UK JSA Claimant Off-flows for March 2014 by Type


Found work or increased work to more than 16 hours a week: 110,555 or 44.0%

Claimed benefit other than JSA: 8,545 or 3.4%

Government supported training: 2,455 or 1.0%

Education or approved training: 1,190 or 0.5%

Gone abroad: 5,815 or 2.3%

Ceased claiming: 8,250 or 3.3%

Failed to sign: 74,395 or 30.0%

Other reasons: 4,840 or 2.2%

Not known: 34,875 or 13.9%

Total: 250,920

A. Data rounded to nearest 5.

B. Claimant count figures do not yet include claimants of Universal Credit.  Further information is available at

C. The percentage of off-flows with a “not known” or “failed to sign” destination has increased since the start of the series (representing 44% of total UK off-flows in July 2009).  This is because the completion levels of the forms filled in by JSA leavers have decreased.  Many of these unknown leavers will have moved into employment. (Editor’s comment; “will have” would seem to be very contentious given current high level of sanctions)

13 thoughts on “UK JSA Claimant Off-flows for March 2014 by Type

    • Good question! I expect they would for zero hours contracts, but not workfare where people continue to sign on. You will note these two separate off flow categories, Government supported training: 3,250 or 1.0% and education or approved training: 2,545 or 0.8%.

      The 42% comes primarily from information provided in returned ES40s; UB40s in old money.


      • My problem with that answer is that people on Workfare are considered to be in work and are therefore not counted in unemployment statistics. Government supported training or the other training you list is not the same.


      • I think this issue arises from the fact that the Labour Force Survey counts people on Workfare as being in work.

        The figures I have quoted are from the JSA claimant count for February 2014. Claimants do not, as a rule off flow from JSA on to Workfare as they continue to sign on.

        LFS says people are in work whilst on Workfare, whilst JSA count says they are claiming and so unemployed. They are also expected to continue seeking work whilst on Workfare which would put them in the LFS definition of unemployment.

        Why does LFS treat people on Workfare in this way? I think it is because they are productive members of the workforce, despite only receiving JSA.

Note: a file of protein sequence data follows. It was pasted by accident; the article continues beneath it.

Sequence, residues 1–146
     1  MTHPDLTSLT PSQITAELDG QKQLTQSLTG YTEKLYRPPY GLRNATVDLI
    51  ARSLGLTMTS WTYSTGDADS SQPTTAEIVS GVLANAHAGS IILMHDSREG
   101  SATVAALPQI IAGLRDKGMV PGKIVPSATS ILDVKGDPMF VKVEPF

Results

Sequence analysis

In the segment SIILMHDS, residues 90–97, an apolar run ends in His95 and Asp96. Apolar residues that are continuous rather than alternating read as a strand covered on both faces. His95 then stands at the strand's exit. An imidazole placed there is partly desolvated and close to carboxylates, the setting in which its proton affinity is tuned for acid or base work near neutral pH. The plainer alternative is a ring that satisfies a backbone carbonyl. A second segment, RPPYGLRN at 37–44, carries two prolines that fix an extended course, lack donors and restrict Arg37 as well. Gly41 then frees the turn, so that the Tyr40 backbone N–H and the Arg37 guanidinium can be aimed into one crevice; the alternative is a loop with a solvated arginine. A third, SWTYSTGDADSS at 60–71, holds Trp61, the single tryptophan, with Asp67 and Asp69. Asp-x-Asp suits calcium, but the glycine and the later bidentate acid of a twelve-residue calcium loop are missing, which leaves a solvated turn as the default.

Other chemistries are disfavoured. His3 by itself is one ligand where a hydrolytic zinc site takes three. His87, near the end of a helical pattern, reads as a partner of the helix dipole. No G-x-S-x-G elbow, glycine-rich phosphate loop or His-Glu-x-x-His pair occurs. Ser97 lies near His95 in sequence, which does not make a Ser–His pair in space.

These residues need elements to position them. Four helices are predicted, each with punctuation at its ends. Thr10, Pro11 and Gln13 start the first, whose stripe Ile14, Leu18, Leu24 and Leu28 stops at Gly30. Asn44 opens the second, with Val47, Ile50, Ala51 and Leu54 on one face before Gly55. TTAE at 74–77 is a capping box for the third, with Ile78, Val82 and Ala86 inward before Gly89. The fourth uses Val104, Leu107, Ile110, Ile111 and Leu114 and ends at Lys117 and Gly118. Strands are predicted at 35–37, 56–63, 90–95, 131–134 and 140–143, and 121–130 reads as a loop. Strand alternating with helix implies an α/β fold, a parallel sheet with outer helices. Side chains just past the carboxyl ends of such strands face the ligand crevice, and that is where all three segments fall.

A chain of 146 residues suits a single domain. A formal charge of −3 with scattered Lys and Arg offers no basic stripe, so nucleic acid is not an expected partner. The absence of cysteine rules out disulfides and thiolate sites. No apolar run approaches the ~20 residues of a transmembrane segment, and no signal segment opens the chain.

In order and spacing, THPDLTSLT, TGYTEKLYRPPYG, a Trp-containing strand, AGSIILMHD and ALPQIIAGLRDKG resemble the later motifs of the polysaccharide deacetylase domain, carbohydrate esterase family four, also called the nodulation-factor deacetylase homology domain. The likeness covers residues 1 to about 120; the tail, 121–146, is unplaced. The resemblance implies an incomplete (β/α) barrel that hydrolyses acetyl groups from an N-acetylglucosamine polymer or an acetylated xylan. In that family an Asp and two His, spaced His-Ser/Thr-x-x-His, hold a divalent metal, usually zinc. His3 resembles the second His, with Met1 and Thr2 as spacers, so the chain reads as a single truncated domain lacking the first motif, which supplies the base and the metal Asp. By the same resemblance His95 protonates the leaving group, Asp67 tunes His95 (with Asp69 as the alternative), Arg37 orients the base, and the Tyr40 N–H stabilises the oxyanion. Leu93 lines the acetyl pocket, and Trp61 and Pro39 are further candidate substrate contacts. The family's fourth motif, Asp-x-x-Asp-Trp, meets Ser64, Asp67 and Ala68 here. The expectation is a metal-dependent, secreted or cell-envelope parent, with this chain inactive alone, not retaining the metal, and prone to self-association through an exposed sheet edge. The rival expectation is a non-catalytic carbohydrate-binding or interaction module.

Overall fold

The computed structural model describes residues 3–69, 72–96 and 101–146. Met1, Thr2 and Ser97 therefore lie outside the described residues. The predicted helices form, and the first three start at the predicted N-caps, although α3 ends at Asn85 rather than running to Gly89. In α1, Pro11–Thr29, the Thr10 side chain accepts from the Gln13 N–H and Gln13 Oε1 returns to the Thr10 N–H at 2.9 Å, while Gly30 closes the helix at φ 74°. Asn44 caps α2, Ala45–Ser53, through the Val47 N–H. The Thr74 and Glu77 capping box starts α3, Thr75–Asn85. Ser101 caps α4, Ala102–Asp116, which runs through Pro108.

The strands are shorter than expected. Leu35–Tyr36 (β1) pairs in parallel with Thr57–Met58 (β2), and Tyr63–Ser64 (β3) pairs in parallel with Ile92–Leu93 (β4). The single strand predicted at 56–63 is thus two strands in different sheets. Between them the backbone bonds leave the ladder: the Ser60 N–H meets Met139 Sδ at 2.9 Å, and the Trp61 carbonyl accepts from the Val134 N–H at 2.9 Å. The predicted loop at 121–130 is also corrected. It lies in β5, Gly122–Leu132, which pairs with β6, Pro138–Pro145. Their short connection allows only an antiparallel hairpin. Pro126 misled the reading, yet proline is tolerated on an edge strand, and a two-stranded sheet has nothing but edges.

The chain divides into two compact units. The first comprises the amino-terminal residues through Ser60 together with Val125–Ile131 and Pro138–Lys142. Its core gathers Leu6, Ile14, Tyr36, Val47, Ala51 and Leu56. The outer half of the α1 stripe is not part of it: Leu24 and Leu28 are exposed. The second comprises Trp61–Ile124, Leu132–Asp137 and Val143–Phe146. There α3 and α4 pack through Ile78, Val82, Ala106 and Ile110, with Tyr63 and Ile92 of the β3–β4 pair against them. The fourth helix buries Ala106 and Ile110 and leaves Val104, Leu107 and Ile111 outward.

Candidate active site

• In one sense, yes.

        The LFS is, if I remember correctly undertaken by complying with an internationally agreed set of standards laid down by, I believe the International Labour Organisation. Therefore, how the UK LFS accounts for Workfare would seem to be a matter of compliance not choice. I would assume that, if it is the matter of output from labour that determines how Workfare is counted then somewhere in the LFS should be data for pukka volunteers. The person in the Oxfam shop or working on a preserved railway line is producing something, even if they only receive thanks, expenses and the satisfaction that comes from a job well done. Were that the latter flowed from Workfare.

        The JSA claimant count is a UK measure and even statistically consistent nationwide measures are usually very hard to use for comparative purposes across national boundaries. The LFS makes such comparisons relatively easy, although there are always caveats when assessing the value of such data. Incidentally, has anyone told Gove and the media this with regards to the international educational achievement league tables?


      • I think there is an exemption within the NMW legislation regarding Workfare type activities. However, confusingly, Health and Safety rules and the like do apply to people on Workfare, both in the work place and else where.


  1. I find it interesting that Found work and increased work to more than 16 hours a week are in the same category, as I don’t think that found work part of that differentiates full and part time work. This I feel is important as those who put down ‘found work’ but not distinguished whether it’s full or part time work may still by liable for working tax credit. Or have I misread the statistics on that?


    • I do not think they should be lumped together. Someone lawfully undertaking part time work then beginning to work for more than 16 hours per week in the same job should surely be shown separately?

      The difficulty here is that the data is mainly reliant on what is written on an ES40 by the now ex claimant.

      I am afraid that I will need to look up your query about Tax Credits over the weekend. I am not up to date on that In Work Benefit.


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